What affects the eyes 8 min read

Understanding Myopia

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Myopia is a common eye condition that occurs when there is something wrong with the shape of the eyeball, cornea, or lens, causing objects in the distance to appear blurred or unfocused. Find out more about this common eye condition and how it can be treated.

The condition can begin to develop at puberty and gets progressively worse until the eye stops growing, however myopia can also occur at a very young age. It’s believed that myopia affects roughly 1 in 3 people in the UK.

Signs & Symptoms

nose being pressed by a glasses wearer at their desk

There are a few symptoms of short-sightedness to look out for:

  • Headaches
  • Eye strain 
  • Squinting
  • Sitting close to objects (TV or whiteboards)
  • Rubbing eyes (more than usual)

Complications of Myopia

Untreated myopia in children, or a severe case in an adult, can lead to a number of related eye conditions.
These include:

  • Squint (Strabismus) – Eyes turn in separate directions.
  • Lazy Eye (Amblyopia) – One eye doesn’t develop correctly.
  • Glaucoma – Pressure inside your eyes increases.
  • Cataracts – The lens becomes cloudy in patches.
  • Retinal Detachment – The retina detaches from blood vessels (supplying nutrients & oxygen).

In severe cases of myopia, the stretching of the eyeball can lead to the retina tearing or becoming detached. Blood vessels can grow beneath the retina which can affect your vision, but detecting and treating it early can prevent vision loss. 

What Causes Myopia?

Myopia can be caused by a misshapen lens, cornea, or eyeball that stops light from reaching the retina. This means that the light isn’t refracted to the correct spot in the eye, causing blurry vision. The condition can be a result of different environmental and genetic factors.

How Your Eye Works: The Basics

Anatomy of the eye

The following four parts of the eye work together for it to function: 

The Cornea and Lens – These sit at the front of the eye, working like a camera lens to focus the light onto the retina.
The Retina – This is a group of light-sensitive cells at the back of the eye, sensing colour and light and converting them into electric impulses.
The Optic Nerve – This is a nerve behind the eye that sends the electric impulses to be interpreted by the brain.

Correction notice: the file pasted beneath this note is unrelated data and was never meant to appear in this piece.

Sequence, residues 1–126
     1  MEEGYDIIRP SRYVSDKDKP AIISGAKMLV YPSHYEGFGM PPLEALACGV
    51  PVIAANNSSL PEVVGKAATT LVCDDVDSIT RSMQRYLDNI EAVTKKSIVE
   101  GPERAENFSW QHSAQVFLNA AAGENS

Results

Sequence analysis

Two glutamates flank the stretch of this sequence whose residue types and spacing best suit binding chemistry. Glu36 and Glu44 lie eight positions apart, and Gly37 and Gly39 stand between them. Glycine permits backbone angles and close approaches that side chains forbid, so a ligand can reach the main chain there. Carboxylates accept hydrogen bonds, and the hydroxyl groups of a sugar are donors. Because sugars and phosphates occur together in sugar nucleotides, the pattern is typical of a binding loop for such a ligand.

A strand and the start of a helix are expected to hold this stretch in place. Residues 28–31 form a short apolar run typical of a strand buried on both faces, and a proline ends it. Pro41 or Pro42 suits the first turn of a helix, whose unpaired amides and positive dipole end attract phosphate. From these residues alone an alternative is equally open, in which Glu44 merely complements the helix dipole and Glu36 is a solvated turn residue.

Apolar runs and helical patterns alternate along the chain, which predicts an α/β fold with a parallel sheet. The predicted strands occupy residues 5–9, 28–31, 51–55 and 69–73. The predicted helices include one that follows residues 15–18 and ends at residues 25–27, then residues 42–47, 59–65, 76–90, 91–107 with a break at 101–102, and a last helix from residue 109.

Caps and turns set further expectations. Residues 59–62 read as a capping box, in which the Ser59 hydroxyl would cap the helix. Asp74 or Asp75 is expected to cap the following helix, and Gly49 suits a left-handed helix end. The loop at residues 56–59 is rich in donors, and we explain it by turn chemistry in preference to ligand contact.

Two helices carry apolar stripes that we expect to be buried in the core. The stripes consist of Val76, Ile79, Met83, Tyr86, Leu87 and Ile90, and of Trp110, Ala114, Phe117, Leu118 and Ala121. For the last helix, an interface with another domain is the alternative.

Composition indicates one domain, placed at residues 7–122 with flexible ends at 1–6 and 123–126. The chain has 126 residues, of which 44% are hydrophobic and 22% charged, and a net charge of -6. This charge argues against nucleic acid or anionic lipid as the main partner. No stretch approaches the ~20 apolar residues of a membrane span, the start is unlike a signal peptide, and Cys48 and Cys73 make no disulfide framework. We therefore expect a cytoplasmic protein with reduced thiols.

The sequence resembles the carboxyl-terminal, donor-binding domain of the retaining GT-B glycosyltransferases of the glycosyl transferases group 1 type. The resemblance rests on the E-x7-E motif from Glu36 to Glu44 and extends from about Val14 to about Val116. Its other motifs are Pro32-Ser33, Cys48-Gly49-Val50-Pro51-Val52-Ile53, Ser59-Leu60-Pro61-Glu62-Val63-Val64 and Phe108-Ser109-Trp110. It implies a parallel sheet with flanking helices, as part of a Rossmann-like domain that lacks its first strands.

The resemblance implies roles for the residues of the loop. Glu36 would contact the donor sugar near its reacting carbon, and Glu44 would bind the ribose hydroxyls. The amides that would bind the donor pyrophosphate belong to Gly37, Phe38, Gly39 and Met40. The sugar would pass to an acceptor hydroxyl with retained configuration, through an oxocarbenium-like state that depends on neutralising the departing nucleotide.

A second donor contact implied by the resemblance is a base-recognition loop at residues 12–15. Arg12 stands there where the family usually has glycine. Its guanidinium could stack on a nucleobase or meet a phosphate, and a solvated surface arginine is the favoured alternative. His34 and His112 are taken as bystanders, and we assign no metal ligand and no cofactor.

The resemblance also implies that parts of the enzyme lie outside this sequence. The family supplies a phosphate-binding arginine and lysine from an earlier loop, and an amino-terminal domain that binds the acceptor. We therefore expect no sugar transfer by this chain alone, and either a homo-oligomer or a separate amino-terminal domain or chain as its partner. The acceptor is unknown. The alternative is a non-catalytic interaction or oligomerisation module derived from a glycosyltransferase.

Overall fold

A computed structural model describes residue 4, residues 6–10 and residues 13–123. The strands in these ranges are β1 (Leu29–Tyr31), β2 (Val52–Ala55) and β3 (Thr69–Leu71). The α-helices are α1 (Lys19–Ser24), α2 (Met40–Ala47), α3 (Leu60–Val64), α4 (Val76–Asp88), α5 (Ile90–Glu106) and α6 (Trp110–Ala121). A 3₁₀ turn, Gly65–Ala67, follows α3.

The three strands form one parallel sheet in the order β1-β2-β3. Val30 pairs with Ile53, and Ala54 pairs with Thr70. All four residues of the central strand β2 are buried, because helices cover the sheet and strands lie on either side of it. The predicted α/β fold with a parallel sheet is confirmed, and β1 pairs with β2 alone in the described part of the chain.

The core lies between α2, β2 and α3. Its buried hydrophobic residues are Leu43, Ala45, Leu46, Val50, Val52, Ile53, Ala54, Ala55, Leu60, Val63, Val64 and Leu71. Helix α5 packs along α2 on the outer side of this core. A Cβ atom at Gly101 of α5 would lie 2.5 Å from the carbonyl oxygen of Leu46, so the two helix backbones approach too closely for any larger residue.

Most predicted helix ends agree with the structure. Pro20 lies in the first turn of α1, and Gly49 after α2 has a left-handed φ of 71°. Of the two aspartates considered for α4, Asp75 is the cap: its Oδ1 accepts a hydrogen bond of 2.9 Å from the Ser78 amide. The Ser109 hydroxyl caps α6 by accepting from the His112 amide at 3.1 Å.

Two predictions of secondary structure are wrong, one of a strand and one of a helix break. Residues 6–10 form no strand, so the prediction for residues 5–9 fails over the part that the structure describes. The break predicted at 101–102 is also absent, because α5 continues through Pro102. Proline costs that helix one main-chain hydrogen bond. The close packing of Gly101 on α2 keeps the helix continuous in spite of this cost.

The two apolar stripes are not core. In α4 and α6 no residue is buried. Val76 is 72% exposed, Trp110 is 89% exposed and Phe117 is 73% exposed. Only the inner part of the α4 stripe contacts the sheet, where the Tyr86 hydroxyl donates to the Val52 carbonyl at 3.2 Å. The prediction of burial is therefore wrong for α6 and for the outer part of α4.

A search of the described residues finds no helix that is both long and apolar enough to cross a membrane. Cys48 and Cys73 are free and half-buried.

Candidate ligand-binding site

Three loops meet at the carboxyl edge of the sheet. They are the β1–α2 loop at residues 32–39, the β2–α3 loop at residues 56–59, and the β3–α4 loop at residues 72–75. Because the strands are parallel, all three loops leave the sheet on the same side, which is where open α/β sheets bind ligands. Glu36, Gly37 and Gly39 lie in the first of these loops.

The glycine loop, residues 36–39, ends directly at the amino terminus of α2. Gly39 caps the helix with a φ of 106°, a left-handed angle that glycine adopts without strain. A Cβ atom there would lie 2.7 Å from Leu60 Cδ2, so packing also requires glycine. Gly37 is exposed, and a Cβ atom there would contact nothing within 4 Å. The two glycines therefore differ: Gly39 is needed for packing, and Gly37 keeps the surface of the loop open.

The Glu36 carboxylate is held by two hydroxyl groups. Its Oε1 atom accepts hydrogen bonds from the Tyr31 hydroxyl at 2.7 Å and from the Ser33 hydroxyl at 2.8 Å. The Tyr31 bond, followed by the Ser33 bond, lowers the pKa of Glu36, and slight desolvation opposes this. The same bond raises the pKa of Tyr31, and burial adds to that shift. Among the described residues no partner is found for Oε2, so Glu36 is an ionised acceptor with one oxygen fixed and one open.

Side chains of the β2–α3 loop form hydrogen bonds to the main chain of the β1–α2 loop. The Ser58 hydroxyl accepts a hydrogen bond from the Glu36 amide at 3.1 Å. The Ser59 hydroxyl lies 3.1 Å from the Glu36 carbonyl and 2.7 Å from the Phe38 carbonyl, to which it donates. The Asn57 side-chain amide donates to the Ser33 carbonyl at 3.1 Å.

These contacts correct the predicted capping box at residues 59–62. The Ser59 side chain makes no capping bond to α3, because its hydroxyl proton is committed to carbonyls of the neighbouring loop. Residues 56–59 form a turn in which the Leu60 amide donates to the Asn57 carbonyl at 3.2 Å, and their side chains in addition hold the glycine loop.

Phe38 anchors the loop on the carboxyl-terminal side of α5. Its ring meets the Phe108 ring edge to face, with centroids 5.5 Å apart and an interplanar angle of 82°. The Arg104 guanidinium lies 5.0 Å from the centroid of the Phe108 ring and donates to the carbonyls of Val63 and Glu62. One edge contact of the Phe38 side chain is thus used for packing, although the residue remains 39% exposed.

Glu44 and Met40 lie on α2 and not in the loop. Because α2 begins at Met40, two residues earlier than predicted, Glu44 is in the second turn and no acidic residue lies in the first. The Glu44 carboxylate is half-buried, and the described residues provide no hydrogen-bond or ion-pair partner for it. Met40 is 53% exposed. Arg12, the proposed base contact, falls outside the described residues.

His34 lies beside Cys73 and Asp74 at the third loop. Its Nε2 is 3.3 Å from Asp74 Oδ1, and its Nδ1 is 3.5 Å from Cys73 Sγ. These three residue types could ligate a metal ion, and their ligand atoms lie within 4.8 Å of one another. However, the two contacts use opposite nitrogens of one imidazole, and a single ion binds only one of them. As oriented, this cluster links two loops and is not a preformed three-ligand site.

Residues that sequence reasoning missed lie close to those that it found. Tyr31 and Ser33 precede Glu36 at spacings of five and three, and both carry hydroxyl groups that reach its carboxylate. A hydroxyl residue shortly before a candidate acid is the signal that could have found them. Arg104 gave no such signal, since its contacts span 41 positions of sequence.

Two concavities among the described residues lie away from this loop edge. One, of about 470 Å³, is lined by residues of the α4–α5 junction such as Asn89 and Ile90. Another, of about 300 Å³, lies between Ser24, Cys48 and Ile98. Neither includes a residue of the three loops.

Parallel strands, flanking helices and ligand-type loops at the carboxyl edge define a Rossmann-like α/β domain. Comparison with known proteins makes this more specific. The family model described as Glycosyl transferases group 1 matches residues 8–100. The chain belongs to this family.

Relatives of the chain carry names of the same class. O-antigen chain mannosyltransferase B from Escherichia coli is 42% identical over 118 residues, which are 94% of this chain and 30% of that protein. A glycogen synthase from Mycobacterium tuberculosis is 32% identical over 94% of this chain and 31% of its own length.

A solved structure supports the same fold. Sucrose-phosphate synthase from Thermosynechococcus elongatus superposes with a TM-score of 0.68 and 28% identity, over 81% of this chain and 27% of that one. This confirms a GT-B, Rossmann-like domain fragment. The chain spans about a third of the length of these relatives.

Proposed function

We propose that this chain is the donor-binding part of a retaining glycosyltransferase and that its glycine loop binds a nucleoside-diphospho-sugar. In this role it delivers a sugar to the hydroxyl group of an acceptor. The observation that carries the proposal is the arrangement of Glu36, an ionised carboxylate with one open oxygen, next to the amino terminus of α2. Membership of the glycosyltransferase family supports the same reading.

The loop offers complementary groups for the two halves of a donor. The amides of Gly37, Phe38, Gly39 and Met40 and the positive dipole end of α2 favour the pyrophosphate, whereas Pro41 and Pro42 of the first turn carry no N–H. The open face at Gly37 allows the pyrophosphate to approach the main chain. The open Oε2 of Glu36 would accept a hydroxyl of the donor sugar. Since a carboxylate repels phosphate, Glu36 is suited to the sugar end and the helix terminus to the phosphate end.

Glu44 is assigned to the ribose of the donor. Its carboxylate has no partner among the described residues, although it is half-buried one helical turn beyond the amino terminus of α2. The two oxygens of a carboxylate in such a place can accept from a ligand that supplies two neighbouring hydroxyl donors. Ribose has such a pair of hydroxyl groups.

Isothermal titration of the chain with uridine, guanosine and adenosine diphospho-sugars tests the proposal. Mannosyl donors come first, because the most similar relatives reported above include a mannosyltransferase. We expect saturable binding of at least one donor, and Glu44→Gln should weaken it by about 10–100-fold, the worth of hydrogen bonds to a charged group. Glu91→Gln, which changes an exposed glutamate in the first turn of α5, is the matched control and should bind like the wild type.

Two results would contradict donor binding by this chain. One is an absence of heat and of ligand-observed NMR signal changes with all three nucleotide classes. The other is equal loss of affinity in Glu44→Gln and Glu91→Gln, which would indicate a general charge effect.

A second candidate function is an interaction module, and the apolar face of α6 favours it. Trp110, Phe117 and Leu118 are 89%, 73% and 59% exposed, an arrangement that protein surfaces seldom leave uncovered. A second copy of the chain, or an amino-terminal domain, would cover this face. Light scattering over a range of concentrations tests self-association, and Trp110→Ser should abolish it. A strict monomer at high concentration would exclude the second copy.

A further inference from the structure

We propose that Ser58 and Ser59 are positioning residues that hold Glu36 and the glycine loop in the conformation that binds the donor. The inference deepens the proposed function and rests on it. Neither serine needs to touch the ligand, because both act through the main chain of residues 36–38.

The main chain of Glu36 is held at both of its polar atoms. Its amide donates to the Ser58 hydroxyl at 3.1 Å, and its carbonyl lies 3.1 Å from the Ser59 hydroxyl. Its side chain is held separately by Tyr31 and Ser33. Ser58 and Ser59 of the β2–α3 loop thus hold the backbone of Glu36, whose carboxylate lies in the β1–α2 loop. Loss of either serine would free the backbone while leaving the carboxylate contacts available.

The Cornea, Lens & Eye Shape

When the eye is correctly shaped, light passing through the cornea is focused by the lens directly onto the retina.

Someone with Myopia tends to have eyes that are slightly too long, this causes the refracted light to focus just in front of the retina rather than on it.

Other Causes

There are a few other possible causes of short-sightedness:

Genetics – Children that have either, or both parents with myopia are more likely to develop the condition– researchers have found over 40 genes related to poor long-distance vision – these genes can affect the structure of the eye, as well as communication between the eyes and brain.

Little Outdoor Exposure – There is some research showing that time outdoors at a young age may help to reduce the risk of developing Myopia. It may also slow the progression for those who already have it. This could be due to the increased levels of light outdoors compared to indoors.

Working Close up – Long periods of time spent concentrating on objects held close to your face or body, such as books or mobile phones, can increase the risk of becoming short-sighted. 

How is Myopia Diagnosed? 

Myopia can normally be diagnosed in a standard eye exam. As children may not recognise the symptoms, it is important to go for regular eye exams as picking the condition up early can prevent it from becoming serious. 

Childhood Testing

New-borns normally have their eyes tested within 72 hours of birth for any stand out issues, while a second eye test should happen when they are six to eight weeks old to check for problems not found after birth. 

When the child is around a year old or between two and two-and-a-half, their health and development review may involve questions about vision. You can organise an eye test if there are any concerns. 

child holding a eye cover in an eye test

Children should have their eyes checked at least once a year at a opticians – for children under 16, and children under 19 in full-time education, these checks should be free.